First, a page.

A missed penalty kick in the first half by Gianluca Vialli, which slammed against the base of the post, kept the score close. With 15 minutes left in the match, the Americans almost equalized. Italy goalkeeper Walter Zenga's legs saved Peter Vermes’s shot from just six yards out. With that, a chance at making history evaporated. The Italians may have featured a star-studded roster with Paolo Maldini, Franco Baresi, and Roberto Baggio, but the US left the stadium that night with their heads held high.
USA 1, Italy 1 (US Cup ‘92)
The Americans got one over on the Italians on June 6 at Soldier Field in Chicago in the form of a 1-1 draw. The inaugural US Cup, a round-robin tournament that also featured Portugal and Ireland, was to give Bora Milutinovic’s team much-needed international experience.
Italy took the lead early when Baggio scored in the second minute to the delight of the many Italians among the 27,000 in attendance that afternoon. The Americans responded with a goal of their own when Harkes tallied his second goal of the tournament in the 23rd minute with a powerful 13-yard shot that got past Luca Marchegiani. The back-and-forth game featured no more goals and the draw became a victory for the young US squad.
The tournament, a success for the US given the outcome, allowed Milutinovic to field his European-based players. Among the call-ups had been two notable 1990 World Cup veterans: Harkes, who played with Sheffield Wednesday in England’s top flight, and Ramos, a member of Spanish second-division club Figueres. In addition, the team featured naturalized players such as Thomas Dooley, who was born in Germany, and Roy Wegerle, a native of South Africa.
USA 1, Italy 1 (2006 World Cup)
Sixteen years after the sides had played in the first round at the 1990 World Cup, Germany 2006 again featured the US and Italy in an opening-round match. Like at US Cup ’92, the game ended 1-1 on June 17 in Kaiserslautern.
The Italians took the lead through Alberto Gilardino in the 22nd minute. It would only last five minutes. A Christian Zaccardo own-goal leveled the score after a failed clearance saw the ball get past goalkeeper Gianluigi Buffon. As the half wore on, the game grew in its intensity. Danielle De Rossi’s elbow on Brian McBride earned him red. McBride’s bloodied face gave the USMNT one of its most iconic images. The red cards didn’t end there. Pablo Mastroeni also saw red after a two-footed tackle on Andrea Pirlo gave referee Jorge Larrionda of Uruguay little choice.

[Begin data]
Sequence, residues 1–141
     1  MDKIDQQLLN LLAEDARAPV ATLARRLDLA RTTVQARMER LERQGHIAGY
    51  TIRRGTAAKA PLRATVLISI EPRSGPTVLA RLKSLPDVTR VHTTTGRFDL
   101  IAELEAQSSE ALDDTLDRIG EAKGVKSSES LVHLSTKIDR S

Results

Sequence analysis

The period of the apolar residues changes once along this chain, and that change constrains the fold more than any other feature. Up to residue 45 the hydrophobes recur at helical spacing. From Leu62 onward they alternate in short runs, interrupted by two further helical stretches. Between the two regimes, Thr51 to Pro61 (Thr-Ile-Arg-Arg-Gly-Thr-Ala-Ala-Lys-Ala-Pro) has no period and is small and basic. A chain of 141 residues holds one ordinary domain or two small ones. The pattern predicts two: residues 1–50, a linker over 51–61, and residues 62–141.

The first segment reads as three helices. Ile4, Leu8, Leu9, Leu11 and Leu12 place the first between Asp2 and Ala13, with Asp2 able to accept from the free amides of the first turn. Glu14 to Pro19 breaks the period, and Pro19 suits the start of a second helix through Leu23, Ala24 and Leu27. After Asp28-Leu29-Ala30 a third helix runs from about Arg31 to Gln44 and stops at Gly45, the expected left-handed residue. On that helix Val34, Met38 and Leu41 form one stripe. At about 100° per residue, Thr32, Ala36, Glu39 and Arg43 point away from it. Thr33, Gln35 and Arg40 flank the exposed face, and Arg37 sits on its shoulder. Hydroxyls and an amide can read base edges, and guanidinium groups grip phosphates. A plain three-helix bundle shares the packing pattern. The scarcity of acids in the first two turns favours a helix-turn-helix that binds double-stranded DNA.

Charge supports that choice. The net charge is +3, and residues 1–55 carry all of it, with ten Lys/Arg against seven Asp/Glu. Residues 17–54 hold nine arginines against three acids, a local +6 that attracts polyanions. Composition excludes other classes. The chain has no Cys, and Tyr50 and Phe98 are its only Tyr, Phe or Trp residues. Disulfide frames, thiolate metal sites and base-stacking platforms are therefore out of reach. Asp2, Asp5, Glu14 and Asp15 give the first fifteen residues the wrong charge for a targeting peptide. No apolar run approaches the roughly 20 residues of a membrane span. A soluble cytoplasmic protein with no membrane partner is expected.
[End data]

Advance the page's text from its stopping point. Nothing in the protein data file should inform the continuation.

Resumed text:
The second-half produced another red card and a gutsy US performance. Eddie Pope’s slide tackle on Gilardino just two minutes into the half earned him a second yellow of the night and the Americans were down to just nine men. The US created several chances, but it was Keller’s save near the end on Alessandro Del Piero that preserved the draw. Italy would go on to win its fourth World Cup that summer.
USA 1, Italy 0 (2012 friendly)
The only time the United States defeated Italy took place the last time the sides met six years ago. The victory in Genoa on February 29 remains one of the best of the Jurgen Klinsmann era. Clint Dempsey’s goal in the 55th minute snapped a 10-game losing streak against the Italians.
The Americans only put two shots on goal all evening. It was the Italians who stepped up their game after Dempsey’s goal, but goalkeeper Tim Howard and the US backline kept Italy at bay. The frustrated Italians saw the offside flag nine times.
“We are really pleased with the game and with the result,” Klinsmann, who had played in Italy with Inter Milan and Sampdoria, told reporters after the match. “If you beat Italy on its own soil, then that means a lot. For us, the goal was to come here to learn. The challenge that this game gave us, especially on the tactical side – to read the game ahead, to think one step ahead – for our players, it was big.”
The USMNT faces its last test of 2018 against the Italians. Another drama-filled game between two nations that rarely disappoint when on the field together isn't out of the question.
Clemente Lisi is a regular contributor to US Soccer Players. He is also the author of A History of the World Cup: 1930-2014. Find him on Twitter:http://twitter.com/ClementeLisi.
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Photo by John Todd - ISIPhotos.com